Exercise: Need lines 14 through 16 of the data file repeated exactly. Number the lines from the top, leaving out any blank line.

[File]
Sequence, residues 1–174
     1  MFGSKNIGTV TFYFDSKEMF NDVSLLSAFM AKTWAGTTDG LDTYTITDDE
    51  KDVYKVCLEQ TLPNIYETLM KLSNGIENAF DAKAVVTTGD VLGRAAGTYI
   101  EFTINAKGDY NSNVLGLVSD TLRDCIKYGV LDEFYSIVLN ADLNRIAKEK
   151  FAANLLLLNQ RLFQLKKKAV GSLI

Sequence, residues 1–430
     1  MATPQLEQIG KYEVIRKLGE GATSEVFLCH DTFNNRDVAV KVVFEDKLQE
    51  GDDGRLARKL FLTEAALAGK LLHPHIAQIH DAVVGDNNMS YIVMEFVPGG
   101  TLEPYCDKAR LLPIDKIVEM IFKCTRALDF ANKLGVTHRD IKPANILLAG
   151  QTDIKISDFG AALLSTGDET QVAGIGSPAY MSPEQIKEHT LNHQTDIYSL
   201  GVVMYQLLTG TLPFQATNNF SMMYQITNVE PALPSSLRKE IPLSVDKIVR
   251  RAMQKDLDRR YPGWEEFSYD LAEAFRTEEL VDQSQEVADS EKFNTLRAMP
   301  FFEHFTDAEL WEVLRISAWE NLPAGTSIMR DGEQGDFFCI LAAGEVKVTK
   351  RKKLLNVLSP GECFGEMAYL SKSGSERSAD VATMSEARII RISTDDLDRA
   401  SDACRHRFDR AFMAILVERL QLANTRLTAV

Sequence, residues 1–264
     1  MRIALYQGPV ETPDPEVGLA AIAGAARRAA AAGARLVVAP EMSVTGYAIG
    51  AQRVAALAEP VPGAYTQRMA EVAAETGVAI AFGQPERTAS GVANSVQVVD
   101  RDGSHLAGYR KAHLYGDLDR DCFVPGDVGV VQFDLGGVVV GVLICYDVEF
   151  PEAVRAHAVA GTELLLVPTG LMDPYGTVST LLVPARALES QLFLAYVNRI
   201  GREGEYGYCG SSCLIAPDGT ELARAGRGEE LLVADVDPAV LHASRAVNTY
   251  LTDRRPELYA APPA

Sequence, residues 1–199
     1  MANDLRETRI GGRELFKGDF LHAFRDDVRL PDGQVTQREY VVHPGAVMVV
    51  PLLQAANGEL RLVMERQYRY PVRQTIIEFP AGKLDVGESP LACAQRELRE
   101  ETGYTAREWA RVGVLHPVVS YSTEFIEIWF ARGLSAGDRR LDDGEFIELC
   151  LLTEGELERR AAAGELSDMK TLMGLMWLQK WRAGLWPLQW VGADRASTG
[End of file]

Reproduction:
   351  RKKLLNVLSP GECFGEMAYL SKSGSERSAD VATMSEARII RISTDDLDRA
   401  SDACRHRFDR AFMAILVERL QLANTRLTAV

Sequence, residues 1–264